While Jason’s singular interview and performance carried Clarke’s entire film, most documentaries rely on a collection of individual perspectives to shape a dramatic story or to frame a sprawling topic. The success of these films relies on interview subjects being rendered as multidimensional characters, whose composite insights and biases illuminate larger themes. Arthur Dong’s 1997 film Licensed to Kill quite literally changed my life because of its masterful interviewing. I saw the film as a teenager late at night on PBS’s POV, and the next morning I came out.
In the 1970s, Dong was attacked by a group of gay bashers in San Francisco. Twenty-seven years later, he set out to find meaning in his own assault by interviewing men convicted of murdering gay men. These shockingly even-tempered and honest conversations from prisons are illustrated with brutal crime-scene imagery. There are no expert commentators and we’re not given the point of view of the victims. Instead, Dong creates an unflinching portrait of homophobic violence, which in turn holds a mirror up to the society that breeds it.
One of the most disarming interview subjects, Jay Johnson, lucidly recalls his alienation from the gay community as a biracial man, the guilt he endured from his highly religious upbringing, and his desperate reaction to an HIV diagnosis. The film does not simply force the viewer to empathize with these murderers, but instead it points to myriad issues of race, class, religious fundamentalism, neo-conservative politics and mental illness behind an alarming pattern of violence that has escalated in the subsequent decades. Often the greatest artistry of documentary filmmaking is observation. While Licensed to Kill has no vérité scenes, observing the frank, broken and sometimes chilling gaze of these prisoners speaks volumes.
I was thinking about Licensed to Kill when I saw Dan Reed’s recent film Leaving Neverland. I feel that the artistry of this film has been overlooked because of its sensational subject matter — the harrowing stories of two men who endured childhood sexual abuse at the hands of Michael Jackson. While the film does suffer from an over-abundance of clichéd drone shots, the extraordinary interviews with Wade Robson and James Safechuck are its heart. Over the course of the film’s four-hour runtime, Reed conducts psychologically forensic interviews, and with immense sensitivity, he allows his subjects to recount their love story with Michael Jackson. Only in the last act of the film do Robson and Safechuck recall the adulthood surfacing of trauma, and the devastating consequences of their abuse. I respect Reed for allowing his subjects to speak freely, without deflating the disturbing details of their experience with moralizing commentary.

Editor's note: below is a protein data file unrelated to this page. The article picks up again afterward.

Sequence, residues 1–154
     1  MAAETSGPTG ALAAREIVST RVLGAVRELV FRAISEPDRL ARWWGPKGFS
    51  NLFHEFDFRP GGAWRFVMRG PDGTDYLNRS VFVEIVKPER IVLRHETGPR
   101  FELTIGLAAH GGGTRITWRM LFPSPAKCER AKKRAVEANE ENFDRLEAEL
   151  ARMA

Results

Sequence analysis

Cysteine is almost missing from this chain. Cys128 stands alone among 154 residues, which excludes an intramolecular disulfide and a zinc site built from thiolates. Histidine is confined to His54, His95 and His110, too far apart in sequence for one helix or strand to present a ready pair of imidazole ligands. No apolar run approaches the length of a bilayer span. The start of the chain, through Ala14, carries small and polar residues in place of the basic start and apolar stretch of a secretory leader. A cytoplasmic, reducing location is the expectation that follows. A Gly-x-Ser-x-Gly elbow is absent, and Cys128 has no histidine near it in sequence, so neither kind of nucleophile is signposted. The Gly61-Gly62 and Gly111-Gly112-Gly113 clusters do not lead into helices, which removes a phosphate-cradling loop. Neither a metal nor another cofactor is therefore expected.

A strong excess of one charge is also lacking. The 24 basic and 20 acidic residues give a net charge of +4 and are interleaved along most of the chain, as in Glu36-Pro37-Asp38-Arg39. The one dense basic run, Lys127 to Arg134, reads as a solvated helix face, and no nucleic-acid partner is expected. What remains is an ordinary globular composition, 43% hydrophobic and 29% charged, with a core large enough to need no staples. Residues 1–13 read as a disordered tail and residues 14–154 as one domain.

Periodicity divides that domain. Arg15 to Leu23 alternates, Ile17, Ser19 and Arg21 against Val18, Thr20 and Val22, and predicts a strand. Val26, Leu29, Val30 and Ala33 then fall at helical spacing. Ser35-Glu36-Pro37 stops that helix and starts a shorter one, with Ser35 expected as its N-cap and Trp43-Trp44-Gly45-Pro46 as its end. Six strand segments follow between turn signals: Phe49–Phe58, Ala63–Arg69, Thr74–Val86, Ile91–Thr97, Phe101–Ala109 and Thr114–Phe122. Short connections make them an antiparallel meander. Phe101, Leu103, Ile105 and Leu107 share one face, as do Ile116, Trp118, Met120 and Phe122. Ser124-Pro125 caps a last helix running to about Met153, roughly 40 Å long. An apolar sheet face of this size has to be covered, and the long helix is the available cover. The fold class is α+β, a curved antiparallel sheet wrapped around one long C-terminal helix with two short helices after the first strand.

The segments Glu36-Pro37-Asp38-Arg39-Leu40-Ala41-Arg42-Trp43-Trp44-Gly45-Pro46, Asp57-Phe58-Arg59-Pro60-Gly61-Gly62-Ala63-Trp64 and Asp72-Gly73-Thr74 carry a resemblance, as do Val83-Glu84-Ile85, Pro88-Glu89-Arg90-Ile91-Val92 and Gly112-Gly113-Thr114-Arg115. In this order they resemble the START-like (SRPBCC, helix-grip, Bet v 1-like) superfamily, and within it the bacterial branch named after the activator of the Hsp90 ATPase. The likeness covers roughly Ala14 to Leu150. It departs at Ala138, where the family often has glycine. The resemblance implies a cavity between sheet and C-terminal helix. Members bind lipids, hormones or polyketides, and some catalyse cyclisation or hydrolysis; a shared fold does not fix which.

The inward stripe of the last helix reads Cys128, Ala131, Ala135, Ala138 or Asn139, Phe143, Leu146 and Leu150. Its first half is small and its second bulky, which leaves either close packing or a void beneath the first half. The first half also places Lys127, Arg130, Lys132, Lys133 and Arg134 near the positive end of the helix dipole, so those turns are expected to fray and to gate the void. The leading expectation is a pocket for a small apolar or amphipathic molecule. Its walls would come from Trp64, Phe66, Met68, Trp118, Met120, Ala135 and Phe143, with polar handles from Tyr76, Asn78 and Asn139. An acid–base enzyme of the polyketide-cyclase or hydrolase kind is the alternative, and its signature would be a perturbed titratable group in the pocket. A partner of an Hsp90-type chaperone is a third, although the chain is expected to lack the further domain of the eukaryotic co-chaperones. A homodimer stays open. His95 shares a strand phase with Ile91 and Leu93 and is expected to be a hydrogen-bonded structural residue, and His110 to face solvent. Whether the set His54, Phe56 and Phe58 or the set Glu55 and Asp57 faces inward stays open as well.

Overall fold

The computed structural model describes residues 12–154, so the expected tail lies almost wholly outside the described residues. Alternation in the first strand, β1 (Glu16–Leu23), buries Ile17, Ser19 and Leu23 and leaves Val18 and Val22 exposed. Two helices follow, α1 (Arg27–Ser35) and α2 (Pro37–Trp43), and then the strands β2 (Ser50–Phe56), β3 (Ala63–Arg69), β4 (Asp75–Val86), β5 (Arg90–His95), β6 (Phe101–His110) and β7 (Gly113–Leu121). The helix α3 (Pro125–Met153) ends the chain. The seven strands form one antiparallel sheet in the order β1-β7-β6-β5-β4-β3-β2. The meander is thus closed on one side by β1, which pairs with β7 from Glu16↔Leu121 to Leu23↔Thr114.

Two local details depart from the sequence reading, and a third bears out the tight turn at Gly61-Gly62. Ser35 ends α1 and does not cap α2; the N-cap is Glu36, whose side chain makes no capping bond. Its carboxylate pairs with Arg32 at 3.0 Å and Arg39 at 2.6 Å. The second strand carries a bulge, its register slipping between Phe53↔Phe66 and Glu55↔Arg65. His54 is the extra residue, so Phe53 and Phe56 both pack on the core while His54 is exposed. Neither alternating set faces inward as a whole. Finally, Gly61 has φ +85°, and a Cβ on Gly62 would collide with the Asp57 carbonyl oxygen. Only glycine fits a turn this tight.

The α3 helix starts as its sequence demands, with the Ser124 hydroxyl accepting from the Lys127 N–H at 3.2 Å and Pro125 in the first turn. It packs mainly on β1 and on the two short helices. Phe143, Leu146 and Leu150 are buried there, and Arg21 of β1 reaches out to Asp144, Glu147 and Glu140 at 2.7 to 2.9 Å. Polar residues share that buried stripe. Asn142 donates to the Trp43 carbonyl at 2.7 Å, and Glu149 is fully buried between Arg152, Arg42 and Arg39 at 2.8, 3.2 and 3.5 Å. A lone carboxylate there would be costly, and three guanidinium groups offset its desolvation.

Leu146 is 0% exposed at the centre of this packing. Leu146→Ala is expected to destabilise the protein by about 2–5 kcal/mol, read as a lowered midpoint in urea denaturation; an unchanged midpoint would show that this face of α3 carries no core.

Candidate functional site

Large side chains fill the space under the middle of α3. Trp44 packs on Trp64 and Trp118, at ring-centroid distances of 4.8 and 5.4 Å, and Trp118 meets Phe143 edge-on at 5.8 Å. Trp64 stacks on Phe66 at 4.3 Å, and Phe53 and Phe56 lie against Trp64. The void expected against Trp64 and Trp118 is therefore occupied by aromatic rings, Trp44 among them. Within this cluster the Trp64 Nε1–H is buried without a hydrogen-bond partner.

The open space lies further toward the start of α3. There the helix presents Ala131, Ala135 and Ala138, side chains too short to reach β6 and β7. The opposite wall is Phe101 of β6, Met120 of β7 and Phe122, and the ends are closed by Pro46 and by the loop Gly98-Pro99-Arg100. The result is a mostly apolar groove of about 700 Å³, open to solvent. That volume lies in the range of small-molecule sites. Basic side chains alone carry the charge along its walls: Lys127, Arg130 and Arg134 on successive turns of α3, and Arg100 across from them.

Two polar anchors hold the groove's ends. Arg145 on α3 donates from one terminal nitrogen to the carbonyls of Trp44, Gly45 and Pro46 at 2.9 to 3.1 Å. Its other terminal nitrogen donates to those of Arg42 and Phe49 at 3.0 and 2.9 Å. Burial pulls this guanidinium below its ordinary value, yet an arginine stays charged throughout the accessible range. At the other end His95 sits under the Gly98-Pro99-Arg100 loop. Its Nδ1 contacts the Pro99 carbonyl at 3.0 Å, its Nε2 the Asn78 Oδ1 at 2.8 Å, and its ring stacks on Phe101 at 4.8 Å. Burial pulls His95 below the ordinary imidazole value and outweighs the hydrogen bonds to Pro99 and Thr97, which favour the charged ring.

If Reed had taken the traditional path of interviewing dozens of eyewitnesses and journalists, to create a march of talking heads, Leaving Neverland would easily have been the salacious exposé that we have all seen before. Instead, he has made a film that isn’t so much about Michael Jackson as it is about the allure of power, and the condoning of abuse. The films discussed here aren’t the lightest fare, to say the least. They’re stories that require a certain psychological intensity that can’t be observed in real time. To understand these subjects’ pain and to honor their dignity, the filmmaking is best served by interviewing in an unvarnished and direct way.
When I was making Wild Combination, I found a large archive of films from the legendary BBC arts program Arena. These documentaries are mostly portraits of epoch-defining artists, shot plainly on 16 mm with key figures from cultural history. While these television films aren’t radical in their approach, they employ innovative sound design, creative music choices, and artistic treatments of archival footage, which render the creative points of view of varied artists. When I first discovered these films, I considered them to be “classical,” whereas I wanted to be “experimental,” and to break formal ground in my films. However, as I continued interviewing and procuring archival footage for my first film, I realized that sometimes the most subtle interventions into a convention have the strongest artistic impact. I gave myself permission to be conventional in service of unconventional goals.
Whether it’s O.J.: Made in America or Jane Fonda in Five Acts, there are incredible films being produced that create complex psychological portraits and masterful interpretations of history, through seemingly conventional means. These types of documentaries may not resemble art house films, and critics may often discuss them solely based on content, but interview-based films are long overdue for artistic reappraisal.